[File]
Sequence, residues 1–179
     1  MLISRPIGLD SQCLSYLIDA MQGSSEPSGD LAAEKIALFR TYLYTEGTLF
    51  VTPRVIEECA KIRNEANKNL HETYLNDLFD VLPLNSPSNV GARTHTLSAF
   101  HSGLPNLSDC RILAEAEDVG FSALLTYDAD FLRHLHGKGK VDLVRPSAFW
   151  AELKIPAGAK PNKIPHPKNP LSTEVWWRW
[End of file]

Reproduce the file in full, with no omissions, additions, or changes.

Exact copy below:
Sequence, residues 1–179
     1  MLISRPIGLD SQCLSYLIDA MQGSSEPSGD LAAEKIALFR TYLYTEGTLF
    51  VTPRVIEECA KIRNEANKNL HETYLNDLFD VLPLNSPSNV GARTHTLSAF
   101  HSGLPNLSDC RILAEAEDVG FSALLTYDAD FLRHLHGKGK VDLVRPSAFW
   151  AELKIPAGAK PNKIPHPKNP LSTEVWWRW